Microsavings: These are small sums of money that allow poor people to save small amounts of money for future use. These saving accounts are often without minimum balance requirements. It helps low households to save in order to meet unexpected expenses and plan for future investments. These are the means of collateral to microcredit (Sinha, 2005).
Microinsurance: It is an economic instrument characterised by low premium designed to service low income people not served by typical social or commercial insurance schemes and helps in mitigating risks affecting property and health (Khandelwal A.K., 2007).
Remittances: These are transfers of funds from people in one place to people in another, usually across borders to family and friends (Khandelwal A.K., 2007).
The Rise of Microfinance Movement / the Beginnings of Microfinance
The concept of Microfinance is not new as it has had its prevalence in the long past. The imprints of microfinance can be traced back to Indonesia which points towards the formation of Indonesian People’s Credit Banks which were set up in 1895 and which had close to 9000 units. Later, “efforts were made to bring about revolution in Pakistan (now Bangladesh) by Akhtar Hameed Khan in 1959 in form of formation of Academy for Rural Development” (Khandelwal, 2007).
In the late 1970s, the economists round the world recognised that poor lack access to financial services (McGuire and Conroy, 2000; Tiwari and Fahad,1997 ; Barman et al., 2009). From this developed a new emphasis on establishing better financial systems which could direct credit to poor clients on a more sustainable basis than had been possible under previous “discredited schemes of directed credit” (McGuire and Conroy, 2000).
At that time, Professor Muhammad Yunus popularised the concept of microloans as he believed that “peace prevails only when hunger is quelled” (Shetty and Veershekharappa, 2009). He started Grammeen Bank in 1976 in the outskirts of Chittagong University campus in the village of Jobra, Bangladesh with only a meagre amount of $27 as loan and made it a target to grant loans to the poorest of the poor. He felt concerned for the miserable landless women who were labouring for other people. He reasoned that if these women could work for themselves instead of working for others, they could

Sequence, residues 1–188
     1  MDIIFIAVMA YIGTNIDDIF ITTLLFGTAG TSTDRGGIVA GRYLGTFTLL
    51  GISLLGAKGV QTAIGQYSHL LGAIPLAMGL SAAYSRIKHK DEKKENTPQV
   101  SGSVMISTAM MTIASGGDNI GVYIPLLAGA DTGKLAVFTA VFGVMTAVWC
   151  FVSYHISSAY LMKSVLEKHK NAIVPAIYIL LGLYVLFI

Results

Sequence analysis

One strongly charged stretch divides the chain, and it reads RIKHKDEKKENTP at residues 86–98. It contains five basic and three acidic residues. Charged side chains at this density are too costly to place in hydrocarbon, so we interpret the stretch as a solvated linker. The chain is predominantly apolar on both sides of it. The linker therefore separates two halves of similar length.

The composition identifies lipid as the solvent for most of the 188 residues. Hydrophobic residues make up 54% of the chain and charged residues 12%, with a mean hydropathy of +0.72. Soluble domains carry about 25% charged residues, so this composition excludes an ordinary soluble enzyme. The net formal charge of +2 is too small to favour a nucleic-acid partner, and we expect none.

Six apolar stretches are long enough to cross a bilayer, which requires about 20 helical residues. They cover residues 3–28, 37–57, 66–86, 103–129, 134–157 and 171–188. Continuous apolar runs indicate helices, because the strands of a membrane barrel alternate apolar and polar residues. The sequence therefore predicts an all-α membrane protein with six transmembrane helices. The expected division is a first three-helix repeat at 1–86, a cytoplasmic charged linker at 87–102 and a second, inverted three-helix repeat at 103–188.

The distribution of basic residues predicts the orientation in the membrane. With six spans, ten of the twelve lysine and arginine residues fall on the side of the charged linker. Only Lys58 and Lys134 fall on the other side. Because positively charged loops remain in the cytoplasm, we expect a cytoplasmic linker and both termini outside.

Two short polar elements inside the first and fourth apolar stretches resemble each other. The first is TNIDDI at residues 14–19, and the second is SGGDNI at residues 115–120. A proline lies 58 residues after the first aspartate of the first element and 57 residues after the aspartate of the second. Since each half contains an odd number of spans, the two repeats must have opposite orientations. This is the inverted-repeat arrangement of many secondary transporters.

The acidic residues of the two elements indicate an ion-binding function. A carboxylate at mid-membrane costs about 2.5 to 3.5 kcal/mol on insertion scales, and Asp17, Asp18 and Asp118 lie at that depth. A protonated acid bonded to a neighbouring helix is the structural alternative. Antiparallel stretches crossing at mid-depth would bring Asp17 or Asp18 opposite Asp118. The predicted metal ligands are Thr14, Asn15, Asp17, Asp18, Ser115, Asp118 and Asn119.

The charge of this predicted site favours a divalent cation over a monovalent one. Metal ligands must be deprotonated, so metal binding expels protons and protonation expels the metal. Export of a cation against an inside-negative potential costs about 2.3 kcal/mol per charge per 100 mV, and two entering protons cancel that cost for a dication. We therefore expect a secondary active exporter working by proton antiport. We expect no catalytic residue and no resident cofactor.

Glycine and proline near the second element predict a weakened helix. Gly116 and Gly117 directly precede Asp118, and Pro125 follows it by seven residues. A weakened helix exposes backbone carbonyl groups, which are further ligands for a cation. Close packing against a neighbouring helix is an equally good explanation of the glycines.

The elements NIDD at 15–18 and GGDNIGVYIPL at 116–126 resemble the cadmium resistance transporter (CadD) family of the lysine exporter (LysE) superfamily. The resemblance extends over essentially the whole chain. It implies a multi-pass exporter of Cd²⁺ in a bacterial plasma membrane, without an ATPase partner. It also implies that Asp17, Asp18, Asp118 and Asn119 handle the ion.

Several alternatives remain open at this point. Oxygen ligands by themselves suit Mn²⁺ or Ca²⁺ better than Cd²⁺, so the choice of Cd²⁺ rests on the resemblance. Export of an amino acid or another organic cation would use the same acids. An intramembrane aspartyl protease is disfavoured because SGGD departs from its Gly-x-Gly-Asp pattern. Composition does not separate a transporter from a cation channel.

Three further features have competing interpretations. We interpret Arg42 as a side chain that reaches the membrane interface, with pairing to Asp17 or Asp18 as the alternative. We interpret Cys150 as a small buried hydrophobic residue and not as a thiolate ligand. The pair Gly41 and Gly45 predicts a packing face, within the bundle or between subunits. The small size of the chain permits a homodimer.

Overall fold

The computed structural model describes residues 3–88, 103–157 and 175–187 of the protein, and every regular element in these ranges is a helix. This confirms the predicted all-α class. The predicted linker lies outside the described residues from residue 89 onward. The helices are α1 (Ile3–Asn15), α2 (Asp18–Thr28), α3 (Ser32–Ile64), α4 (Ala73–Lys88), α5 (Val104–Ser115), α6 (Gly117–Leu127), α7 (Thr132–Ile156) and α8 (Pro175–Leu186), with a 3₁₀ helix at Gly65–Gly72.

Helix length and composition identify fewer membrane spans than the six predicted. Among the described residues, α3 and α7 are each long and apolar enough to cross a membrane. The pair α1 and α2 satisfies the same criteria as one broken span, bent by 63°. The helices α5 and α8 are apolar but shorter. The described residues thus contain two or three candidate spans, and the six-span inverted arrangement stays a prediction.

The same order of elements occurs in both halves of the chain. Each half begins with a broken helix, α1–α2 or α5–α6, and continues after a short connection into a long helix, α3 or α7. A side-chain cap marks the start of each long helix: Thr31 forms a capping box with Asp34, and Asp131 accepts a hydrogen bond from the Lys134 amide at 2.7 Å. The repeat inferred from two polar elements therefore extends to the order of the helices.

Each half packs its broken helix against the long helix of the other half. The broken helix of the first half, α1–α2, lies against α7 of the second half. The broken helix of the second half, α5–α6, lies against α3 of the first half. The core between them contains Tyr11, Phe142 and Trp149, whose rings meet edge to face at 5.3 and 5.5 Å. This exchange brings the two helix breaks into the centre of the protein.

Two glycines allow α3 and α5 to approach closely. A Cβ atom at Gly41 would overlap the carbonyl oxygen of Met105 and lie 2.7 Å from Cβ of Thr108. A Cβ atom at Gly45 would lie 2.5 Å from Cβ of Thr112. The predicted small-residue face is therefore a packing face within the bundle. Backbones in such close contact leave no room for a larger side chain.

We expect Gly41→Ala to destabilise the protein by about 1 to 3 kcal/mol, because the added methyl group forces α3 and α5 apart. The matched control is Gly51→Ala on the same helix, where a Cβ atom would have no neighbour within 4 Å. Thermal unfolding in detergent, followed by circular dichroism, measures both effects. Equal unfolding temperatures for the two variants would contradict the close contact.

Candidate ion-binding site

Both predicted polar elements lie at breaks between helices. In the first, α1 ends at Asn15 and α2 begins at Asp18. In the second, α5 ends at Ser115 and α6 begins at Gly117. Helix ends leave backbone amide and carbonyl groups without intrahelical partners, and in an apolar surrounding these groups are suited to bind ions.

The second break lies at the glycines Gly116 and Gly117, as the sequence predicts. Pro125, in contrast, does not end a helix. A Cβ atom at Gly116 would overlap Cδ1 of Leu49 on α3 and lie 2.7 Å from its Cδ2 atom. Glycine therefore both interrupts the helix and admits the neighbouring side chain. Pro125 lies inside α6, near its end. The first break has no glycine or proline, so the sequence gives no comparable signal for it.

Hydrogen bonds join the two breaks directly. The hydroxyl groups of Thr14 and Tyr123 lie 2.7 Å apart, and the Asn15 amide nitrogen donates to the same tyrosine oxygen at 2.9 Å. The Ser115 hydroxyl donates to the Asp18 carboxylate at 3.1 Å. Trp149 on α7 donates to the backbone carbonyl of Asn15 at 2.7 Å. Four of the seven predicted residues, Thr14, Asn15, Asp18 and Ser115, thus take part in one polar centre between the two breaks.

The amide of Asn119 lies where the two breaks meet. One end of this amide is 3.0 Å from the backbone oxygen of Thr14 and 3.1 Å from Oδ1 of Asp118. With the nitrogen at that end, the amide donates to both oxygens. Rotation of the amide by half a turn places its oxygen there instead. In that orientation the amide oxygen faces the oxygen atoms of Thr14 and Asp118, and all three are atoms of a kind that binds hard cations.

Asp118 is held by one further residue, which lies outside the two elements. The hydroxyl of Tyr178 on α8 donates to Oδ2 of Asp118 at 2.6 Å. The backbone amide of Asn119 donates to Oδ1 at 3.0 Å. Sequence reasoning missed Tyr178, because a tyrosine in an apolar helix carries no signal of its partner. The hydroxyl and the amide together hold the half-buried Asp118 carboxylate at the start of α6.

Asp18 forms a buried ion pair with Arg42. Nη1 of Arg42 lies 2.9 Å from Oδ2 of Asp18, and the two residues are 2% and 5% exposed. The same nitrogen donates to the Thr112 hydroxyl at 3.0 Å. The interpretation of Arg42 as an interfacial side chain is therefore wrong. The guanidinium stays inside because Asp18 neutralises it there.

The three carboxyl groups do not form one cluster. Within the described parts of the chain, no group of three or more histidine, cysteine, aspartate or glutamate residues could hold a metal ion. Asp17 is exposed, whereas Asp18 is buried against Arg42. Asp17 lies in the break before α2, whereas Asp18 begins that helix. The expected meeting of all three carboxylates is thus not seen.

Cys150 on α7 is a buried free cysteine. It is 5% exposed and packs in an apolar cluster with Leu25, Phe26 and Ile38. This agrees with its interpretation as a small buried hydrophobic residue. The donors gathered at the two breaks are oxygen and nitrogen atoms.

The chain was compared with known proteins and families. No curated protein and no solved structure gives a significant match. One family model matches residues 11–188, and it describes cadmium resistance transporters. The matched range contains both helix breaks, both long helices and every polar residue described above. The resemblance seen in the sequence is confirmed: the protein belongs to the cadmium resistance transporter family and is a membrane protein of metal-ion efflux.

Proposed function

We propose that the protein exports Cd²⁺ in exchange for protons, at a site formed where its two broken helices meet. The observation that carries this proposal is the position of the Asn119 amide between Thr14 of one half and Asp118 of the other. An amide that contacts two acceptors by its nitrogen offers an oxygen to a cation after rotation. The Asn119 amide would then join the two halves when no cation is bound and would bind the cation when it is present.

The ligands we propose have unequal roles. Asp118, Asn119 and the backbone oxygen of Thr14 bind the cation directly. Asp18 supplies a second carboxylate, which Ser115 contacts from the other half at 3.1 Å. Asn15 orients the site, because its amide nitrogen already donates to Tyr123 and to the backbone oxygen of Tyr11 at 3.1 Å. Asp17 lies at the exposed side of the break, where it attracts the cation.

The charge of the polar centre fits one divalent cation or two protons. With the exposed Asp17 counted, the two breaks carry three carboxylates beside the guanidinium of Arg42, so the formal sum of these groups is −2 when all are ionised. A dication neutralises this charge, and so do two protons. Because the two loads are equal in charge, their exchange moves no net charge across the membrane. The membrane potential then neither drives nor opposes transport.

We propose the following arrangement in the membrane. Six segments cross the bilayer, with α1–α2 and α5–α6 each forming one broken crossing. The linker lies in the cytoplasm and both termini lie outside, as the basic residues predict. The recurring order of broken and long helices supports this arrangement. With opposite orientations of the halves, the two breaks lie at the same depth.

retain much of the surplus generated by their labours, currently enjoyed by others. He started giving loans to even beggars. He was also of the view that if beggars can go to houses for getting money, they can go to houses to sell a product also.
The Grameen Bank lending procedures are simple and effective. The first and foremost step in receipt of credit is the formation of the group of five members that gather once a week for loan repayment (Dasgupta, 2001). Loans are initially made to two individuals in the group, who are then under pressure from the rest of the members to repay in good time. The borrower has to repay the loan in weekly instalments spread over a year. The functioning of Grameen Bank also involves enchanting of "16 Decisions" at the start of their weekly session. These decisions include production of fruits and vegetables in kitchen gardens, investment for improvement of housing and education for children, use of latrines and safe drinking water for better health, rejection of dowry in marriages etc. Although observance of these decisions is not mandatory, in actual practice it has become a requirement for receiving a loan (Tiwari and Fahad, 1997).
In order to promote thrift habit, it is compulsory for every member to save one Taka per week which is accumulated in the Group Fund. This account is managed by the group. The amount in the Fund is deposited with Grameen Bank and earns interest. A member can borrow from this fund for consumption, sickness, social ceremony or even for investment (if allowed by all group members). In case of default in repayment or failure to attend meetings, the defaulters may be charged with a fine or may be expelled. The members are free to leave the group before the loan is fully repaid; however, the responsibility to pay the balance falls on the remaining group members.
Some of the key strategies adopted by the Grameen Bank are listed below:
I) There is an exclusive focus on the poorest of the poor. This is exclusivity ensured by:
establishing clearly the eligibility criteria for selection of targeted clientele and adopting practical measures to screen out those who do not meet them.
in delivering credit, priority has been increasingly assigned to women.
the delivery system is geared to meet the diverse socio-economic development needs of the poor.
2) Borrowers are organized into small homogeneous groups. Such characteristics facilitate group solidarity as well as participatory interaction. Organizing the primary groups of five members and federating them into centers. The Centers are functionally linked to the Grameen Bank, whose field workers have to attend Centre meetings every week.
3) Special loan conditions which are particularly suitable for the poor. These include:
a) very small amounts of loans given without any collateral
b) loans repayable in weekly instalments spread over a year
c) eligibility for a subsequent loan depends upon repayment of first loan
d) individual, self-chosen, quick income-generating activities which employ the skills that harrowers already posses.
e) close supervision of credit by the group
f) stress on collective borrower responsibility or peer pressure
g) special safeguards through compulsory and voluntary savings to minimize the risks that the poor confront.